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News & Media

Latest ITER Newsline

  • Without minimizing challenges, Council reaffirms commitment

    On 24 October 2007, the ITER Organization was officially established following the ratification by the seven ITER Members of the project's constitutive document [...]

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  • Heat waves

    Plasma is like a tenuous mist of particles—light atoms that have been dissociated into ions (the atom nucleus) and free-roaming electrons. In order to study pla [...]

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  • What a difference ten days make

    There was a time when progress in Tokamak Complex construction was easy to follow.Excavation in 2010; the creation of the ground support structure and seismic f [...]

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  • What's in the box?

    At ITER, even the opening of a box takes on a spectacular dimension. The operation requires a powerful crane, a full team of specialists and, as everything ITER [...]

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  • EU Commission has "positive appreciation" of ITER progress

    On 14 June, the European Commission issued a Communication presenting the revised schedule and budget estimates for European participation in ITER. Its object? [...]

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Of Interest

See archived articles

Special correspondents

 (Click to view larger version...)
Annaelle, Anthony, Clara, Julien, Mathieu, and Océane were visiting the ITER site for the first time. Equipped with site gear, and pen and paper in hand, they had two short days to discover the ITER Project, visit the ongoing works, interview a few of the ITER "actors," and write and realize a two-page newsletter, the ITERview.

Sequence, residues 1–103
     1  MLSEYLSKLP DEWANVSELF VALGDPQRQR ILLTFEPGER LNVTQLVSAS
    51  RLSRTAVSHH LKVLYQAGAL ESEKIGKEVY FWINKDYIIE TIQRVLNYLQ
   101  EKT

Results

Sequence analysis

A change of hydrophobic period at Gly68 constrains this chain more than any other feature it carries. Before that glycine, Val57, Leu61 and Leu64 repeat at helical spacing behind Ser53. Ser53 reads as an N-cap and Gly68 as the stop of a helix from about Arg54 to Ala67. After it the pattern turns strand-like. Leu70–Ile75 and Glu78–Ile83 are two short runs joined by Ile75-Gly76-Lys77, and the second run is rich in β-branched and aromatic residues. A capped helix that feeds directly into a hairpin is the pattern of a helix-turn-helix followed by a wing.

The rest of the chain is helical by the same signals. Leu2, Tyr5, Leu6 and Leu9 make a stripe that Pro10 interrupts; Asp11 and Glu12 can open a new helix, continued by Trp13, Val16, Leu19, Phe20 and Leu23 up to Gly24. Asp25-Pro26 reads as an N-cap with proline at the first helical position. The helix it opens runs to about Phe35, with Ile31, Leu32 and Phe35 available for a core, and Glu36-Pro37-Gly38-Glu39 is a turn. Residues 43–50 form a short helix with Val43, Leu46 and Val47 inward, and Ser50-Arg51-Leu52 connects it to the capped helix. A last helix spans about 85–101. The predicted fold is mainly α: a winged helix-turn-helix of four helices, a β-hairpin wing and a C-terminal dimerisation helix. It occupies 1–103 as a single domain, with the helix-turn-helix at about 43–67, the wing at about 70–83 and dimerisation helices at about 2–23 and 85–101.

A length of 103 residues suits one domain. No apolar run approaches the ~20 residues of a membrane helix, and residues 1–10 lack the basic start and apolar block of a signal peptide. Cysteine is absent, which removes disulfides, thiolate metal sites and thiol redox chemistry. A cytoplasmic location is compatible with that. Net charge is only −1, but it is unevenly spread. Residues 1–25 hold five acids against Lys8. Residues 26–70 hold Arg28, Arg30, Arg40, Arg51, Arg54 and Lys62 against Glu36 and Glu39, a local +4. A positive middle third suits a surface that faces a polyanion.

Chosen from among the junior high schools of the region, these five young people were participating in the 16th edition of the Rencontres Cadarache-Jeunes, an annual event that gathers nearly 200 ninth-grade students to the CEA site to participate in workshops intended to "offer a direct approach to the various scientific disciplines represented at the CEA, introduce them to a scientific and technological research centre, and put them in contact with the men and women who have made science their profession."

For the five students who were assigned to the ITER workshop, the goal was to learn the basics of scientific communication—research, writing, interviewing and computer layout. To all appearances, they had fun doing it. The result of their work is colourful, playful and informative. In addition to informational articles about fusion, the ITER machine and the construction project, they enjoyed asking fellow classmates "What do you know about ITER?" Answers ranged from "It's a thing that spins," to "Why, it's the future of energy!"

The production of the ITERview was overseen by Sylvie André from Agence Iter France, with layout support from Myriam Jacobs. Read the ITERview (in French) here.



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